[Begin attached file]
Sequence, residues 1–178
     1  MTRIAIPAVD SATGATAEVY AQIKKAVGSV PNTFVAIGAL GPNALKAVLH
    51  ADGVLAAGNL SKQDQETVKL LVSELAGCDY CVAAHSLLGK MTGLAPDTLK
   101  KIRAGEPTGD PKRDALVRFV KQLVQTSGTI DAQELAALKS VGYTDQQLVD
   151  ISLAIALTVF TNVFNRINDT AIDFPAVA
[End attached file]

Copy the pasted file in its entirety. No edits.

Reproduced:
Sequence, residues 1–178
     1  MTRIAIPAVD SATGATAEVY AQIKKAVGSV PNTFVAIGAL GPNALKAVLH
    51  ADGVLAAGNL SKQDQETVKL LVSELAGCDY CVAAHSLLGK MTGLAPDTLK
   101  KIRAGEPTGD PKRDALVRFV KQLVQTSGTI DAQELAALKS VGYTDQQLVD
   151  ISLAIALTVF TNVFNRINDT AIDFPAVA